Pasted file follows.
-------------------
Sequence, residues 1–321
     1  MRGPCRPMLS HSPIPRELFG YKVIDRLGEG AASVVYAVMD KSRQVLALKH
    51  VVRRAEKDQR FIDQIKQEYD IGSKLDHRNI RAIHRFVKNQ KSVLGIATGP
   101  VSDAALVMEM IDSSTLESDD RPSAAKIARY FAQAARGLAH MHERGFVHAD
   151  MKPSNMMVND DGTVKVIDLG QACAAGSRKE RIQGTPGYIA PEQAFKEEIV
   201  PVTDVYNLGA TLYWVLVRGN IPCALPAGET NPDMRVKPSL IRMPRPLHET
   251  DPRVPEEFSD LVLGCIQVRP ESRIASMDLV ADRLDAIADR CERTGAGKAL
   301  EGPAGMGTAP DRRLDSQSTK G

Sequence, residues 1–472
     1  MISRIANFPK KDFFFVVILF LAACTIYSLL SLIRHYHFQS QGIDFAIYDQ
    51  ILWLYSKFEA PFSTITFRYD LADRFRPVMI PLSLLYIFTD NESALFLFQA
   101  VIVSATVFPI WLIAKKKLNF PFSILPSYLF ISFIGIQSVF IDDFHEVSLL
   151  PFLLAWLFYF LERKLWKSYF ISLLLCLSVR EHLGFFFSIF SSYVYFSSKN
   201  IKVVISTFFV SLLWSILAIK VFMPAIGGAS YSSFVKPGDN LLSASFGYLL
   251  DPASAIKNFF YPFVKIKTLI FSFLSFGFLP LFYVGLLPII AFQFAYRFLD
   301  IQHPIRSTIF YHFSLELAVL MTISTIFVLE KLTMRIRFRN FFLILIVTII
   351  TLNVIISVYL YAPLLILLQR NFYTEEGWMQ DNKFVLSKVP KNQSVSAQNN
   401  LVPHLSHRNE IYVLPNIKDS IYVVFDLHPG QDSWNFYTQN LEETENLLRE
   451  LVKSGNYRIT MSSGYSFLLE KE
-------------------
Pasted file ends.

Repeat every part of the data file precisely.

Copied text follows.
Sequence, residues 1–321
     1  MRGPCRPMLS HSPIPRELFG YKVIDRLGEG AASVVYAVMD KSRQVLALKH
    51  VVRRAEKDQR FIDQIKQEYD IGSKLDHRNI RAIHRFVKNQ KSVLGIATGP
   101  VSDAALVMEM IDSSTLESDD RPSAAKIARY FAQAARGLAH MHERGFVHAD
   151  MKPSNMMVND DGTVKVIDLG QACAAGSRKE RIQGTPGYIA PEQAFKEEIV
   201  PVTDVYNLGA TLYWVLVRGN IPCALPAGET NPDMRVKPSL IRMPRPLHET
   251  DPRVPEEFSD LVLGCIQVRP ESRIASMDLV ADRLDAIADR CERTGAGKAL
   301  EGPAGMGTAP DRRLDSQSTK G

Sequence, residues 1–472
     1  MISRIANFPK KDFFFVVILF LAACTIYSLL SLIRHYHFQS QGIDFAIYDQ
    51  ILWLYSKFEA PFSTITFRYD LADRFRPVMI PLSLLYIFTD NESALFLFQA
   101  VIVSATVFPI WLIAKKKLNF PFSILPSYLF ISFIGIQSVF IDDFHEVSLL
   151  PFLLAWLFYF LERKLWKSYF ISLLLCLSVR EHLGFFFSIF SSYVYFSSKN
   201  IKVVISTFFV SLLWSILAIK VFMPAIGGAS YSSFVKPGDN LLSASFGYLL
   251  DPASAIKNFF YPFVKIKTLI FSFLSFGFLP LFYVGLLPII AFQFAYRFLD
   301  IQHPIRSTIF YHFSLELAVL MTISTIFVLE KLTMRIRFRN FFLILIVTII
   351  TLNVIISVYL YAPLLILLQR NFYTEEGWMQ DNKFVLSKVP KNQSVSAQNN
   401  LVPHLSHRNE IYVLPNIKDS IYVVFDLHPG QDSWNFYTQN LEETENLLRE
   451  LVKSGNYRIT MSSGYSFLLE KE